https://en.wikipedia.org/wiki/Atmospheric_modelshttps://en.wikipedia.org/wiki/Pressurehttps://en.wikipedia.org/wiki/Temperaturehttps://en.wikipedia.org/wiki/Densityhttps://en.wikipedia.org/wiki/Viscosityhttps://en.wikipedia.org/wiki/Earth%27s_atmospherehttps://en.wikipedia.org/wiki/Altitudehttps://en.wikipedia.org/wiki/Elevation

Pag. 6 Content

1. Preface

1.1. Motivation

During the past few decades, our society has been confronted with problems caused by

increasing traffic. This increase in traffic leads to a heavily congested network and has a

negative effect on safety, energy consumption and air pollution.

The demand for mobility in today’s life brings additional weight on the existing ground

transportation infrastructure for which a feasible solution in the near future lies in more efficient

use of currently available means of transportation. For this purpose, the development of

Intelligent Transportation Systems (ITS) technologies that contribute to improved traffic flow

stability, efficiency, fuel economy and safety are needed.

Coordinated driving can reduce fuel consumption reducing inter-vehicle distances and improve

traffic flow. Moreover, coordinated driving can improve driving experience by relieving humans

from some driving duties and at the same time, by letting an automated system control the

vehicle, improve safety. As such goals are not achievable using standard sensor-based

Adaptive Cruise Control (ACC), the community started considering Cooperative Adaptive

Cruise Control (CACC) [1].

What differentiates a CACC from a standard ACC is the use of wireless communication to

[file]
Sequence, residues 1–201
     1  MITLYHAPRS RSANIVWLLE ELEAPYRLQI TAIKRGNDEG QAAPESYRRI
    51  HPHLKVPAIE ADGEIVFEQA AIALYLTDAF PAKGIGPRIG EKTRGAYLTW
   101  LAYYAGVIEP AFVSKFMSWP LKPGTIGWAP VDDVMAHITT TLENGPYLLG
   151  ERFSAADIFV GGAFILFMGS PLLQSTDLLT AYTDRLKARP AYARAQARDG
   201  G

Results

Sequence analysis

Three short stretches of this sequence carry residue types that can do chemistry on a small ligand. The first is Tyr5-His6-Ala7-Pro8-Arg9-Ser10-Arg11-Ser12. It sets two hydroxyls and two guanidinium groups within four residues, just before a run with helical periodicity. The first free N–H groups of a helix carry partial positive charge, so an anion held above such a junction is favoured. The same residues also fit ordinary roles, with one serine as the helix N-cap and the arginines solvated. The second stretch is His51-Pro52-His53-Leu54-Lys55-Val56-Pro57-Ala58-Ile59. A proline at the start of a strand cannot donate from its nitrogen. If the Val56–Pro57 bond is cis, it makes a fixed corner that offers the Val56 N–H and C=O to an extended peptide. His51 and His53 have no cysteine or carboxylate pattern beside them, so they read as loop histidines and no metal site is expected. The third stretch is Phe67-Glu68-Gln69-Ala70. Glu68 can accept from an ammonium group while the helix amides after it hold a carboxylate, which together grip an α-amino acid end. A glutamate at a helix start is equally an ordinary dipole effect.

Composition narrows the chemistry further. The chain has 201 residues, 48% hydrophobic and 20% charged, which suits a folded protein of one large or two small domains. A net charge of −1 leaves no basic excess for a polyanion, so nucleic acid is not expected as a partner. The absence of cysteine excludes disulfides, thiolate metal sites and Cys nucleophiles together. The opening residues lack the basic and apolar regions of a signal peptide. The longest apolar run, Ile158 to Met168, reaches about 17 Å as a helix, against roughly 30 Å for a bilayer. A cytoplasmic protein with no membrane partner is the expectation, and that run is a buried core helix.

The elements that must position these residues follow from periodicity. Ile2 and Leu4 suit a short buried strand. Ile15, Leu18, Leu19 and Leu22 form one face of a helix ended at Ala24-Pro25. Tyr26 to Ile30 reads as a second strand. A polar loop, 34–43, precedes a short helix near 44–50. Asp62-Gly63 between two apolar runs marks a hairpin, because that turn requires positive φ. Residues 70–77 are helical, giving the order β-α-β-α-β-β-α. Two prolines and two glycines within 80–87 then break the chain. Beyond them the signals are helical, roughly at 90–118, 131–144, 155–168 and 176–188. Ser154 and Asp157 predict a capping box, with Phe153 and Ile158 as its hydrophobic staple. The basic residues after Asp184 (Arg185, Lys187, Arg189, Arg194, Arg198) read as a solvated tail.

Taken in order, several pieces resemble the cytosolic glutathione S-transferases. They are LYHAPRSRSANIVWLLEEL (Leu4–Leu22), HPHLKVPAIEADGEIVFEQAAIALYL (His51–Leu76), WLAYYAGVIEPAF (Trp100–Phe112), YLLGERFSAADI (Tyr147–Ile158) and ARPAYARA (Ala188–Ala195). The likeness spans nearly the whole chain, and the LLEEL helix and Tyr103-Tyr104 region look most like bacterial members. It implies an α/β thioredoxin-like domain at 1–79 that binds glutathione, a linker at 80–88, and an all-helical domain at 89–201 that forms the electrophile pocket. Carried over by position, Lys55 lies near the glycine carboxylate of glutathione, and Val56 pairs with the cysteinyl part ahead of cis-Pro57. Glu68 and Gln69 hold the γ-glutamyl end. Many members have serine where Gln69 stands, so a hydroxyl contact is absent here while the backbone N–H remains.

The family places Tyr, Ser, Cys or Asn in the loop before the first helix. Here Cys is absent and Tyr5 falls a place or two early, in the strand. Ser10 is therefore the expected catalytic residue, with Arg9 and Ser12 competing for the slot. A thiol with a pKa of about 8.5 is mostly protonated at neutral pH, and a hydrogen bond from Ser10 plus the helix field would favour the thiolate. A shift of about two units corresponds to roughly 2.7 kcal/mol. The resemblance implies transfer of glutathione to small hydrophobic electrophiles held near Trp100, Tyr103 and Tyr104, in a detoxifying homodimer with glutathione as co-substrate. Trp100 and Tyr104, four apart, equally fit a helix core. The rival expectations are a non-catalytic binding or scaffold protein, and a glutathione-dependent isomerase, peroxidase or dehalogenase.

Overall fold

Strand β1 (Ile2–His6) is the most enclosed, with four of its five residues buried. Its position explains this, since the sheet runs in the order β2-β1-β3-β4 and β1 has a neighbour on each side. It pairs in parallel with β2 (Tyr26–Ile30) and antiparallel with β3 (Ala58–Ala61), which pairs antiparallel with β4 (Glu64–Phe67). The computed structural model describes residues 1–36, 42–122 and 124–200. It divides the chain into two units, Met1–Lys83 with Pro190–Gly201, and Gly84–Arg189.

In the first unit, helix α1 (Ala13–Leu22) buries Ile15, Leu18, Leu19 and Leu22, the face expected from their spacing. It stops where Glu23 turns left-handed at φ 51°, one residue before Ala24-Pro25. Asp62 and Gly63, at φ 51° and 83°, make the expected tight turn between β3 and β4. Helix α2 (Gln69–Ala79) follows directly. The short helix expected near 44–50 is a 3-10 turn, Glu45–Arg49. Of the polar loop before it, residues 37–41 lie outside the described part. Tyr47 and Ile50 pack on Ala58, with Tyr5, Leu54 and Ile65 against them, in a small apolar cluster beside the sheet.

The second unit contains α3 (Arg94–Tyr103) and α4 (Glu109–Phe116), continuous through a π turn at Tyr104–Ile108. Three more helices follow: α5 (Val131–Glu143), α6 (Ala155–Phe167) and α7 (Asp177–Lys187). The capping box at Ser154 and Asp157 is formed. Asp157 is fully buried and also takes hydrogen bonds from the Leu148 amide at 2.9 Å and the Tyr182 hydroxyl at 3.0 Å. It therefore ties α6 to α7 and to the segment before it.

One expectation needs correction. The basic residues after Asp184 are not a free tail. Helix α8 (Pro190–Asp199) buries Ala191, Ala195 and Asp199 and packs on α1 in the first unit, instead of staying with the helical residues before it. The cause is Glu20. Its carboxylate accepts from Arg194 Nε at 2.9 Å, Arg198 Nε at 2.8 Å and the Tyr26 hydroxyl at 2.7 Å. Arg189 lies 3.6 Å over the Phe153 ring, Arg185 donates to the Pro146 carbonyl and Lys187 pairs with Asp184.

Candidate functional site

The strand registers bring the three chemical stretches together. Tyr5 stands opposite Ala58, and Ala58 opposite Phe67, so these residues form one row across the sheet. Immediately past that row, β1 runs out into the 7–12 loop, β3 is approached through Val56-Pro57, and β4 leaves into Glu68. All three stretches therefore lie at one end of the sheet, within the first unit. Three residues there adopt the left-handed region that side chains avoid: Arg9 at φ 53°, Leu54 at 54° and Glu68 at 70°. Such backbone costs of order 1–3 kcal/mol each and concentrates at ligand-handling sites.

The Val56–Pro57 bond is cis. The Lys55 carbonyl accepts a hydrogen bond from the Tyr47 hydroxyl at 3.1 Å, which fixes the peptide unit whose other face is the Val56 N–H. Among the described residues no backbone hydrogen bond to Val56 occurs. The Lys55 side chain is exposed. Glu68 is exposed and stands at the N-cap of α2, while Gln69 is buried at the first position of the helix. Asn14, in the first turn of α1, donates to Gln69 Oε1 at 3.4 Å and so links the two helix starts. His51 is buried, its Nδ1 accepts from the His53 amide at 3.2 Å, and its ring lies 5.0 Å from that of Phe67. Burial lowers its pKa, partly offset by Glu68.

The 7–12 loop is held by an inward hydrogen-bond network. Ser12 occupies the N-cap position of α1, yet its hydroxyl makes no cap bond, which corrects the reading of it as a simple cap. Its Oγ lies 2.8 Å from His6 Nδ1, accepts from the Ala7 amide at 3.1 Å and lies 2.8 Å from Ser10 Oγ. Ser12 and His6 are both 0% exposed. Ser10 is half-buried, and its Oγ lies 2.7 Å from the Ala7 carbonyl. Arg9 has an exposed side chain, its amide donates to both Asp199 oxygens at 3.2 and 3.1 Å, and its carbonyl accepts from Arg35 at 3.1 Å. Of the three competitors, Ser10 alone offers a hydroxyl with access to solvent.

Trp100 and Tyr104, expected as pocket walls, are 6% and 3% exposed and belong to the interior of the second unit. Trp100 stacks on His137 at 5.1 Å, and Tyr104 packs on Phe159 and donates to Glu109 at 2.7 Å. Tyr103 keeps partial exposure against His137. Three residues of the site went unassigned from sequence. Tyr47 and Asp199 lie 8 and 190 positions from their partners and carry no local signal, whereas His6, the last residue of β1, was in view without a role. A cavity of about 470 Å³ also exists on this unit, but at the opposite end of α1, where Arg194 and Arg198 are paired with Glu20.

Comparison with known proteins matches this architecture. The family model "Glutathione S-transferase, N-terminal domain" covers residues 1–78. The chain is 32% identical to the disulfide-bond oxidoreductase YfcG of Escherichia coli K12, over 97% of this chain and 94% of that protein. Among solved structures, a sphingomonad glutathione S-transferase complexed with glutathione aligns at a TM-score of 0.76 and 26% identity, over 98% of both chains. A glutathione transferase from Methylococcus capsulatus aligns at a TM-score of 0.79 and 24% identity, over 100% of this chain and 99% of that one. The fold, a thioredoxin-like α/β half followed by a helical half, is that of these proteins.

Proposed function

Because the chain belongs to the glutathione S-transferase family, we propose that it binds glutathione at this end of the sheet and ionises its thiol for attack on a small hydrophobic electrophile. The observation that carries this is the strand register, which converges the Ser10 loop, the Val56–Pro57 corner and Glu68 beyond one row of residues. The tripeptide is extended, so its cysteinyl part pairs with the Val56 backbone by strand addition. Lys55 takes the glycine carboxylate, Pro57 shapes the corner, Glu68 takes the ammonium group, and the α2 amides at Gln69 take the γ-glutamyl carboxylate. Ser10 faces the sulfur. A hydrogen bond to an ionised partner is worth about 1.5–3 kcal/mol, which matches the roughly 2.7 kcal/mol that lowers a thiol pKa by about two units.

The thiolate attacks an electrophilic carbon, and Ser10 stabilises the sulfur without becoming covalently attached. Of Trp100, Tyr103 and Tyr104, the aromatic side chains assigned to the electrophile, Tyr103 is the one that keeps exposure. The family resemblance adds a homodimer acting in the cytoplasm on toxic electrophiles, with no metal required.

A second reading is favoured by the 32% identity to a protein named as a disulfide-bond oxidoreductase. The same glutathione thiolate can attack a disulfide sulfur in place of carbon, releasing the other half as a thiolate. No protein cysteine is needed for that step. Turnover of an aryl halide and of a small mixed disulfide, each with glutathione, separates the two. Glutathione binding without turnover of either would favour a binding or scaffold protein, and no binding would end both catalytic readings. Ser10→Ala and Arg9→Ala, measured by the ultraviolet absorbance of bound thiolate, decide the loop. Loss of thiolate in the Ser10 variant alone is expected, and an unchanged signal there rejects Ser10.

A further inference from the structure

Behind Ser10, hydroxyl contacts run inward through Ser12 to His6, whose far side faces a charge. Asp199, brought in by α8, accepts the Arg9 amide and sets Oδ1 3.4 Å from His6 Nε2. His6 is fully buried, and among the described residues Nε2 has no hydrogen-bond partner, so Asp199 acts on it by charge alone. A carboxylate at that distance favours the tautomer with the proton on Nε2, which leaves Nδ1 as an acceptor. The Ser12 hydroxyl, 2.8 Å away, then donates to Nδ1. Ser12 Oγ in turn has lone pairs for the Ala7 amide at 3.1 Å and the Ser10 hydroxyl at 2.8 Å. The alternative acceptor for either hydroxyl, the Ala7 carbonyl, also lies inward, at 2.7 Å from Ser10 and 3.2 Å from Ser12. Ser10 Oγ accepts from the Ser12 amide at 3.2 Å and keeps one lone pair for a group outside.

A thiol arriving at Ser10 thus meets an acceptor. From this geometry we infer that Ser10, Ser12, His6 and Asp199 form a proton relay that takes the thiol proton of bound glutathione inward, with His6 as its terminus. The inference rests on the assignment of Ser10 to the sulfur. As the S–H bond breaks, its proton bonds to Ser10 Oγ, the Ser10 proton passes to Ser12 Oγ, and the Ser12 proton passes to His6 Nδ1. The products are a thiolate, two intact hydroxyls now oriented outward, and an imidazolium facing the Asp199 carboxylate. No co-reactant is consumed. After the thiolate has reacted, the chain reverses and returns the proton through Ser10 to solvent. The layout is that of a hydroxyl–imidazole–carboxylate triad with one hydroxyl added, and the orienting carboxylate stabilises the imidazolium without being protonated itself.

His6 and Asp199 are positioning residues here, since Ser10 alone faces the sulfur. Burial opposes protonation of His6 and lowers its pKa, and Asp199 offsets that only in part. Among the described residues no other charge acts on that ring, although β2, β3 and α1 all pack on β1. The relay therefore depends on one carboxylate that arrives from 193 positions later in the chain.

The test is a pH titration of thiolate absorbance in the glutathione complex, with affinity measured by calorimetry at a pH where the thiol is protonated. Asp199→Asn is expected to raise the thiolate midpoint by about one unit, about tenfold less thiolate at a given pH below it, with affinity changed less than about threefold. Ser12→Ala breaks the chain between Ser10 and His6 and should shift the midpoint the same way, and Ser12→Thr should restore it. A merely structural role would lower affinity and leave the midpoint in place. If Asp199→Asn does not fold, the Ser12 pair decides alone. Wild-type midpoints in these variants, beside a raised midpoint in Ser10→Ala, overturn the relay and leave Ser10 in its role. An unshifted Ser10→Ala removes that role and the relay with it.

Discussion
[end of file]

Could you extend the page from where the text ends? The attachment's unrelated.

share information such as speed and acceleration among vehicles, enabling the possibility to

reduce inter-vehicle distance without compromising safety.

1.2. Origin of the project

The project has been developed from a previous bachelor degree final thesis done by Jaume

Cartró Benavides [2]. The work consists on a simulation model that recreates the movement

of a number of vehicles with different driving profiles in a circular circuit. The model has been

developed using the speed for dynamic control and does not take into account the possibility

of mixing the vehicles that incorporates the human driver model with the vehicles with ACC

model.

Influence of the Cooperative Adaptive Cruise Control to the traffic flow Pag. 7

2. Introduction

2.1. Objectives of the project

The main objective of the project is the development of a model that recreates a set of vehicles

to be able to study the behaviour of different controllers in real traffic situations. Study the

behaviour and respective advantages and disadvantages of different controllers and the fact

to include communications between vehicles.

The second objective is to study the traffic flow mixing different vehicles models. Given that

ACC technology is still growing and the OEM’s want to include communications, it will exist a

long period of time in which autonomous vehicles and conventional ones share the road. The

study will be based on different percentages of vehicles driving in CACC versus ACC mode.

The results will show if traffic density is reduced increasing the percentage of vehicles with

CACC technology.

2.2. Scope of the project

The scope of the project is to design a model using Matlab-Simulink capable to recreate the

vehicles behaviour with different kind of controllers. In addition, are studied the advantages to

include the possibility of exchange information between the vehicles their effect in traffic

conditions.

To control the vehicles, it only be considered the vehicles in front, therefore this project doesn’t

consider the possibility to overtake other vehicles or lane changes.

Pag. 8 Content

3. State of the art

An ACC system consist in a radar or other sensor capable of measuring the distance to another

preceding vehicle on the highway. When there is no vehicle in front, the ACC travels set at

speed defined by the user, much like a standard cruise controlled vehicle. However, if a vehicle

is detected by the vehicles radar, the ACC system decide if the vehicle can continue travel at